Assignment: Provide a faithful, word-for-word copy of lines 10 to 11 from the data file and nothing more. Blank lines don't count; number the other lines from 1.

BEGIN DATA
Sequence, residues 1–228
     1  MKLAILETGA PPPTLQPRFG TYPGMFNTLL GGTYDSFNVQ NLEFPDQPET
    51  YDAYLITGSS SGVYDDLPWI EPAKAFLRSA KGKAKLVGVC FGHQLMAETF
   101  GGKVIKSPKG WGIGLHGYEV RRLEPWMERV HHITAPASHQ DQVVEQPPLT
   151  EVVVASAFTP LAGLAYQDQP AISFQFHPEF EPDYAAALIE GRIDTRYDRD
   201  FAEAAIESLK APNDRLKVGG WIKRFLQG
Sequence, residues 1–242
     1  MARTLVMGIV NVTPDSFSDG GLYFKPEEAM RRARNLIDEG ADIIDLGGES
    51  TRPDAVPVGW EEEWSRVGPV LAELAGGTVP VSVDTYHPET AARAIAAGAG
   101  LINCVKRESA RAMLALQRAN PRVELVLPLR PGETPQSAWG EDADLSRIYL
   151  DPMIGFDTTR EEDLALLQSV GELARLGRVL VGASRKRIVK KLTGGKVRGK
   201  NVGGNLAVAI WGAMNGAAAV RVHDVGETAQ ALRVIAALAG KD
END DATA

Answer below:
   101  LINCVKRESA RAMLALQRAN PRVELVLPLR PGETPQSAWG EDADLSRIYL
   151  DPMIGFDTTR EEDLALLQSV GELARLGRVL VGASRKRIVK KLTGGKVRGK